As is the modern M car way, that's just the start for the configurable tech available on the M3 and M4. Borrowing the 'Setup' button from the M5 and M8, the new cars can have up to seven powertrain and chassis parameters adjusted: steering, suspension, powertrain, traction control, brakes (using the integrated braking system tech from the M8), M xDrive and gearshift speed. Favourite presets can be stored in the two M mode red lozenges on the steering wheel. Don't forget, also, about the 'Road', 'Sport' and 'Track' settings for the driver assistance, each gradually toning down interference until Track deactivates all of them and switches the infotainment off for maximum helmsmith concentration.
Speaking of assistance, it would be remiss not to mention the additional technology that's now included in the most connected M3 and M4 ever. With lane departure warning, front collision warning and an Attentiveness Assistant as standard, the BMW includes most of what you'd expect. On the options list, though, are features like a Steering and Lane Control Assistant, Emergency Lane Assistant and the Driving Assistant Professional; nothing there helps improve your drift score, either.
While we're on options, the active safety features really are the tip of the iceberg as far as personalisation goes. For the first time in the M3 and M4 BMW has split the optional equipment into six packages: M Carbon (including the new CFRP seats), M Pro, Comfort, Visibility, Technology Plus and Ultimate. That's in addition to specific optional extras like the brake caliper colour and carbon exterior trinkets. Notable extras for PHey types include the ceramic brakes (part of the M Pro package), 19- or 20-inch forged wheels and the option to choose from any of the BMW Individual Paints. The colours seen in the pictures are new ones - Sao Paulo Yellow, Isle of Man Green, Skyscraper Grey, Brooklyn Grey - alongside Toronto Red seen elsewhere in the line-up.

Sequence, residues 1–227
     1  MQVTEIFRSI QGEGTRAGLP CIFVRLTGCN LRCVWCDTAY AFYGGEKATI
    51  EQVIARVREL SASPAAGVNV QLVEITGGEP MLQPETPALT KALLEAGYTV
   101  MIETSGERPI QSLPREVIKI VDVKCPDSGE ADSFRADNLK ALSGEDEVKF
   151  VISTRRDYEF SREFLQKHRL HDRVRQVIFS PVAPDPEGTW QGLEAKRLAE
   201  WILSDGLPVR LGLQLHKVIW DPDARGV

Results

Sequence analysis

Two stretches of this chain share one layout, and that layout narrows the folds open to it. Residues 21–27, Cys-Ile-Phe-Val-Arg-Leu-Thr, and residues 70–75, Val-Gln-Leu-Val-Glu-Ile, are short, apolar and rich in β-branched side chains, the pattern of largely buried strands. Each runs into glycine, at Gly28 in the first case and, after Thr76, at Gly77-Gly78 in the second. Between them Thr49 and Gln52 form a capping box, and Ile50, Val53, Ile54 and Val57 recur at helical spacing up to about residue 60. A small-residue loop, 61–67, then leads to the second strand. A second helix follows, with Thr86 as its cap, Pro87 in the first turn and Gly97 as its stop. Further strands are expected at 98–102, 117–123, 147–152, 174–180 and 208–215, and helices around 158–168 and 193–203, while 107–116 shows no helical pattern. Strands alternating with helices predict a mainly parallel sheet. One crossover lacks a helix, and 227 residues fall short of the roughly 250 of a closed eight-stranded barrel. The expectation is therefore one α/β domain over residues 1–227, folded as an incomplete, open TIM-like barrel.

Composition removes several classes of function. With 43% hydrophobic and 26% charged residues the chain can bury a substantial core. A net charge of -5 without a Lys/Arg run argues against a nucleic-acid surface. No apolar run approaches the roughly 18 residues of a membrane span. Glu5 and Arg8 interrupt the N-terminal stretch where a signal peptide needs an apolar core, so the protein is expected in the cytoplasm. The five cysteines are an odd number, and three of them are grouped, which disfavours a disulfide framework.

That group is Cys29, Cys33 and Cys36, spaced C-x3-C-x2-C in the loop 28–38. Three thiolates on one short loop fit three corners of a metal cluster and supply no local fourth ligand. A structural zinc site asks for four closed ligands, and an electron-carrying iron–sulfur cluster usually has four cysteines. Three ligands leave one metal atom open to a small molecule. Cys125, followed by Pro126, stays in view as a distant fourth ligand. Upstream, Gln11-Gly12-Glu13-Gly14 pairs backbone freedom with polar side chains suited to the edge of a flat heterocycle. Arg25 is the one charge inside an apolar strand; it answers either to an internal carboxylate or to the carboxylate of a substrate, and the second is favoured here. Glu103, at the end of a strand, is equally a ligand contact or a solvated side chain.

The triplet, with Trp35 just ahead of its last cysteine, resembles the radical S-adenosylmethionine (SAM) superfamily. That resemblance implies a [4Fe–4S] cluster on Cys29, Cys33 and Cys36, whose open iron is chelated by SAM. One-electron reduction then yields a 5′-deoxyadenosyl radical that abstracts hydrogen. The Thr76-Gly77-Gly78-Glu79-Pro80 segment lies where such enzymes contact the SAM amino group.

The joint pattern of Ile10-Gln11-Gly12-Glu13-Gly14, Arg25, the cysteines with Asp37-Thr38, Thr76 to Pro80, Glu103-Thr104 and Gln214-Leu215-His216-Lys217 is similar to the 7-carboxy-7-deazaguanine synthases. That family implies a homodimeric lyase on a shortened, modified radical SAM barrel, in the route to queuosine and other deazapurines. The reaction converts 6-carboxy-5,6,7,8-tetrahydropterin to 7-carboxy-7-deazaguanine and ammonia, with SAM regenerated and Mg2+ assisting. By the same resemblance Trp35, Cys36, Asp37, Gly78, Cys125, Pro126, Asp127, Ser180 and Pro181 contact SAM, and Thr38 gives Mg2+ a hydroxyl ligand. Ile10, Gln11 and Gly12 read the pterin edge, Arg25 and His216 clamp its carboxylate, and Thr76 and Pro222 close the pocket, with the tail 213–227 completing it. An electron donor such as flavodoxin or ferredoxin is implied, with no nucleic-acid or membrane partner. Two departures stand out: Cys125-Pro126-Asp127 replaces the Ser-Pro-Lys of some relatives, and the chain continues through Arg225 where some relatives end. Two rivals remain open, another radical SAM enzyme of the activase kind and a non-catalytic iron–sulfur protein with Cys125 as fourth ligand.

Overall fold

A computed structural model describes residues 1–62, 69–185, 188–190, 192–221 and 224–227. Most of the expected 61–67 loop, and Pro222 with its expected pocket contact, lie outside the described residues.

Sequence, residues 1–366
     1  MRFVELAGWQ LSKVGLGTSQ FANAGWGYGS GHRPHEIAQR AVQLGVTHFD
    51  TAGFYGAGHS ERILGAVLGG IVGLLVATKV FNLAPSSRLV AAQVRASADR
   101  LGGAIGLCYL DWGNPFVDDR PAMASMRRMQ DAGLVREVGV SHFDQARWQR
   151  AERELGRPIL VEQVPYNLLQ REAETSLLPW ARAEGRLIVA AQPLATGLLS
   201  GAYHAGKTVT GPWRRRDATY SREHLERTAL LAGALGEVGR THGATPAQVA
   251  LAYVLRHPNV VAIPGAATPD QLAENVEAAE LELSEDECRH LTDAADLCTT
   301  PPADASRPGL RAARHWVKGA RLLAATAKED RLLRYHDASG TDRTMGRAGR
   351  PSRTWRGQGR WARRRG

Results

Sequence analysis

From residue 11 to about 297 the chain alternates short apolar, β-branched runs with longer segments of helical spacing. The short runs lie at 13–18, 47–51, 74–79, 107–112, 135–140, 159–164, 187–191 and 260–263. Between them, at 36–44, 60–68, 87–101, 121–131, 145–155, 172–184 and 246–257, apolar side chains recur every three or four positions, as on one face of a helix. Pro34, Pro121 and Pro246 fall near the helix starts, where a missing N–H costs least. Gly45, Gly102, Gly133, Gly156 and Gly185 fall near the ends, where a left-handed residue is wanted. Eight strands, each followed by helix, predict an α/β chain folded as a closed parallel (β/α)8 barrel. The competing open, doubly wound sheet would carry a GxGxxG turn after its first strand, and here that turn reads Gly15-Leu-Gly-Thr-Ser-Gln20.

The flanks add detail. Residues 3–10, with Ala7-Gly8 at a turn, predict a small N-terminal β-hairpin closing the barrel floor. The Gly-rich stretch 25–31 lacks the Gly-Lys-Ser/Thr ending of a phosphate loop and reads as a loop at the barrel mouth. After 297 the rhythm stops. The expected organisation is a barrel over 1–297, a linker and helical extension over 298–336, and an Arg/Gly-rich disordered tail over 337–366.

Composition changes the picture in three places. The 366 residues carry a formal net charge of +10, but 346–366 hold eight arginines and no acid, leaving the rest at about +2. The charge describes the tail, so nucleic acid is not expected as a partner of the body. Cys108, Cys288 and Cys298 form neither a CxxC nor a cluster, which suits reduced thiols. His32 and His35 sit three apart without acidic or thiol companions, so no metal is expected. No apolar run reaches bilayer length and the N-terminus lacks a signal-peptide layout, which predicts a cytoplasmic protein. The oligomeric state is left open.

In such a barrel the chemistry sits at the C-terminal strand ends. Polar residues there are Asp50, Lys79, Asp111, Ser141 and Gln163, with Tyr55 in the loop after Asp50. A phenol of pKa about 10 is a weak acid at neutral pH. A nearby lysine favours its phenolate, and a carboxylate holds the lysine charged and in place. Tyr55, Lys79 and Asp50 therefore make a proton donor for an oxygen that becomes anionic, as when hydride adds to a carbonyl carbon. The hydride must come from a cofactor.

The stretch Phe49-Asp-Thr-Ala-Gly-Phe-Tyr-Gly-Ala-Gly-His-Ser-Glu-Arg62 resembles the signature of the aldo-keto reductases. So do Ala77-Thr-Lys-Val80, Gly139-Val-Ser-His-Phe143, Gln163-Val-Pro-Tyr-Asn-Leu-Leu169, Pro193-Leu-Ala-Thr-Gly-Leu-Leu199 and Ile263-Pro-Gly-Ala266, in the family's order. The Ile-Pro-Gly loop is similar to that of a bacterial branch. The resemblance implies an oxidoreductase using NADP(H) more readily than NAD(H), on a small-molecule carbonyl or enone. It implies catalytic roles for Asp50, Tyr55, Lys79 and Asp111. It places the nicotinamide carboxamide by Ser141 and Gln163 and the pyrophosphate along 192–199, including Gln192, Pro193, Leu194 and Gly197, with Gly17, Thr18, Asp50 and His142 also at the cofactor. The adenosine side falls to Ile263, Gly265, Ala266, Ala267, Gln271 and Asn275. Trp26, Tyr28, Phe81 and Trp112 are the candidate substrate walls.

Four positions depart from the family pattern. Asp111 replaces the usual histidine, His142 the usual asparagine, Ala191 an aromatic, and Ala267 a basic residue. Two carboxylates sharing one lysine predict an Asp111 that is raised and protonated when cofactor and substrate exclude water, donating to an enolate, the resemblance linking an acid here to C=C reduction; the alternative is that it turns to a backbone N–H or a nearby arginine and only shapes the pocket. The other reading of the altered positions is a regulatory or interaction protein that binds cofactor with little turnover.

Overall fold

Which is pretty much it on the M3 and M4, right? Only joking, we just saved the looks bit until last. Because while you will likely have decided long before now whether you like the look of this pair or not, it's only fair to share what BMW has to say. The specifics are irrefutable: the new cars are 122mm longer than their F8x equivalents, the M3 somehow another 26mm wider again and the M4 adding 17mm. As for style, the cars are described as possessing "aerodynamically optimised exterior" that "perfectly convey their motorsport-inspired character. Grille of the Year 2020 features horizontal M bars now (instead of vertical ones), with cooling intakes either side; additional highlights across the cars include extended sills (creating a black band around the whole car), the chunky 100mm exhaust tips, a standard carbon roof and darkened rear light lenses.
Finally, the inside. BMW says the cabins of both take their respective interiors to the "sporting extreme" with M logos and colour, plus unique sports seats and perhaps the biggest gearshift paddles ever seen. The aforementioned CFRP buckets are notable for saving 10kg in total over the standard ones.
And that really is it for the new BMW M3 and M4, cars that we're told will deliver "searing performance with everyday usability". Which has pretty much always been the M3 appeal, and why it has succeeded in the market for so long. While a big ask, if the G80 and G82 can combine the very best bits of the past five - attributes like the motorsport focus, the straight-six excitement, the hooligan nature and the sense of occasion - then BMW will be onto something special. Not long now until we find out...
1 / 28